And God went up from him: R. Simeon b. Lakish said: The Patriarchs are [God's] chariot, for it says, "And God went up from upon Avraham" (Bereishit 17, 22); "And God went up from upon him". (Bereishit Rabba 82:6)
While we might lose ourselves in the wealth of images and visions, Rabbi Avraham Ben Ya'akov in his Tz'ror Hamor helps us to understand that in fact, all of these Midrashic sources refer to the same idea, the same power to which Rashi alludes when he defines khevel in this particular way: The rope in Ha'azinu which describes our unique relationship with God is the same rope of which Yaakov's ladder is made, and the images of the three-legged throne and the chariot describe this same phenomenon:4 God's love for our three Patriarchs. The ladder, poised between heaven and earth; the fiery merkava which enables mortal man to grasp some measure of the spiritual world beyond; the image of the Throne of Glory - all are manifestations of God's love for His People, and it is this love that enables man to relate to and reach heaven. The Tzror Hamor quotes an additional verse that brings these images into focus:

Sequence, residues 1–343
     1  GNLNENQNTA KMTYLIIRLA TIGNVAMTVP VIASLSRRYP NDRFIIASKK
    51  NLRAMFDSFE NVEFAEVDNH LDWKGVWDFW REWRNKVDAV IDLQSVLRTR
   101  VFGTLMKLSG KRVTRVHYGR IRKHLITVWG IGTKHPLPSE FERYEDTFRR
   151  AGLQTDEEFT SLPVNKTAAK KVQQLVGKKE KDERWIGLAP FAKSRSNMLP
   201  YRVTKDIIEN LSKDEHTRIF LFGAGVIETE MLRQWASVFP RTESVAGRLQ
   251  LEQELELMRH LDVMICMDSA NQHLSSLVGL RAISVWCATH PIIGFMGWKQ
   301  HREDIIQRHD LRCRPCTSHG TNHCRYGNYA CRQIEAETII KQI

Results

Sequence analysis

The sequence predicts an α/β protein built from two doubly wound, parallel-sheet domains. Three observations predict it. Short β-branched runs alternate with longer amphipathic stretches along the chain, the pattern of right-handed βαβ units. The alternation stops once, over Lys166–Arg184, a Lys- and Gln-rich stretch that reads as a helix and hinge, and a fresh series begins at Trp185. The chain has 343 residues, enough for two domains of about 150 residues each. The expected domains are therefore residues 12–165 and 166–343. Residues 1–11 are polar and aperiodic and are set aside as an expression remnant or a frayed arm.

I swaddle them and draw them to me with human cords, with bands of love; and I am to them like a parent who lifts up an infant and holds him to the breast and patiently feeds him. (Hoshea 11:4)